Improving housing is Leeds council’s top priority for 2017

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Leeds City Council is making housing its top priority as it lays out its plan of action for the coming year.

The authority is in the final stages of preparing its ‘Best Council’ plan for the 2017/2018 financial year, and has put together a seven-point hitlist of areas for improvement.

These are good growth, transport and infrastructure, a ‘low carbon’ drive, health , resilient communities, better care and support for the vulnerable and the ‘Child Friendly city’ ambition.

Housing is identified as a key priority under six of the umbrella headings, with a deliberate focus on building more homes, affordability, decency, dealing with private landlords and other related issues.

The YEP has previously reported that the city is facing a housing crisis, with a soaring population and thousands languishing on the council hosing waiting list, sometimes for several years at a time.

Coun James Lewis, deputy leader of the council, who is spearheading the action plan, said the focus on housing was a recognition that it is an “important topic” for the city.

He said the plan for the year ahead would go “hand in hand” with the 2017/18 budget, which is set to be rubberstamped next month and is expected to include a four percent council tax rise.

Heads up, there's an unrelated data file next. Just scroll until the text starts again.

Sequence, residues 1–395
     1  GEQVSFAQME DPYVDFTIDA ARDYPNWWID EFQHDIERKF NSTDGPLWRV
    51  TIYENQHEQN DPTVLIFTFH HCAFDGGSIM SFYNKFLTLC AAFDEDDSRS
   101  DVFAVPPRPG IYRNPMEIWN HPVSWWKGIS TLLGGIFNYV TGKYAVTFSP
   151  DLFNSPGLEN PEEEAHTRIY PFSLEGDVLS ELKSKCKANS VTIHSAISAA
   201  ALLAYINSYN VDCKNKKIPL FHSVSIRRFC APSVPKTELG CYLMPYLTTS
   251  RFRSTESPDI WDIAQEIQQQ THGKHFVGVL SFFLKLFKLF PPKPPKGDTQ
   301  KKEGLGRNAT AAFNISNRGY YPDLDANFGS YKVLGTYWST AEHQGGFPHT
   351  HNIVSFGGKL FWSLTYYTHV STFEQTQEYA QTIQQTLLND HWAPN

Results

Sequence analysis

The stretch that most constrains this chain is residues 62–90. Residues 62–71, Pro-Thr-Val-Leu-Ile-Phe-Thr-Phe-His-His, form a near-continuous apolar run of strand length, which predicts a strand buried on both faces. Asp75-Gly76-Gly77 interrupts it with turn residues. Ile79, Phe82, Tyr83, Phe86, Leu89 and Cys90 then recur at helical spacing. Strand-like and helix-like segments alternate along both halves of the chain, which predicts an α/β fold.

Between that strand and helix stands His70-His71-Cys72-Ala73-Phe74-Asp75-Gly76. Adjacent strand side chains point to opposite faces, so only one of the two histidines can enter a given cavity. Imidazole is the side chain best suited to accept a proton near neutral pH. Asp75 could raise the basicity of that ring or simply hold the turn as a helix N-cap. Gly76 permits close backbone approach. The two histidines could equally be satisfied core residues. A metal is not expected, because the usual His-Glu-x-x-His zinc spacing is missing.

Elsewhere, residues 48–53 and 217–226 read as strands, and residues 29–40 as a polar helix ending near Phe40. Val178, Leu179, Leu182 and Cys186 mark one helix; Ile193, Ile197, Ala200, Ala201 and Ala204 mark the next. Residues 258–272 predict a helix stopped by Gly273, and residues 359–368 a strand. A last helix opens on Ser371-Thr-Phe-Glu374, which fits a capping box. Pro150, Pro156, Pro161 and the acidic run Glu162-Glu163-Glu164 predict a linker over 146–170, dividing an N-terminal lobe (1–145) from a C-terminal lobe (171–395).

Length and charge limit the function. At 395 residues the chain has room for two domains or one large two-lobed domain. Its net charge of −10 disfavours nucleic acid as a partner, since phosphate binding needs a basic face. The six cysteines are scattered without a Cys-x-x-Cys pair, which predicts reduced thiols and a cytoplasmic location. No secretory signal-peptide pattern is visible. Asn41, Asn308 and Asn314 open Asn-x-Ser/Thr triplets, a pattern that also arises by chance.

Also included in the council’s overall priorities list for the first time is a better focus on flood mitigation - something that was spurred by the devastating events of Boxing Day 2015.

A draft version of the council’s action plan was presented to a cross-party scrutiny panel yesterday for initial feedback.

Councillor Eleanor Tunnicliffe questioned whether it was possible for an authority to have that many priorities and to be able to do them all justice.

And chair of the panel councillor Kim Groves wanted to know how “impact on the ground” would be measured.

Conservative councillor Dan Cohen said although there was “nothing objectionable” in the council’s ambitions, “the devil is going to be in the details”.

He suggested the document was “bordering on meaningless” until the “metrics” ow how the targets would be achieved had been worked out.

Meanwhile councillor Peter Gruen said the plan was ““unambiguous” in its intent - but pointed out that “everything the council is hoping to do is measured against a hostile environment” of Government funding cuts to local authorities. As previously reported, the council needs to save £75.3m by 2018 – and slash up to 800 jobs – due to a combination of reduced Government funding and pressures on services.

Coun Lewis told colleagues the document was “a work in progress” and the next step was to finalise the draft and “turn it into something salient for people”.

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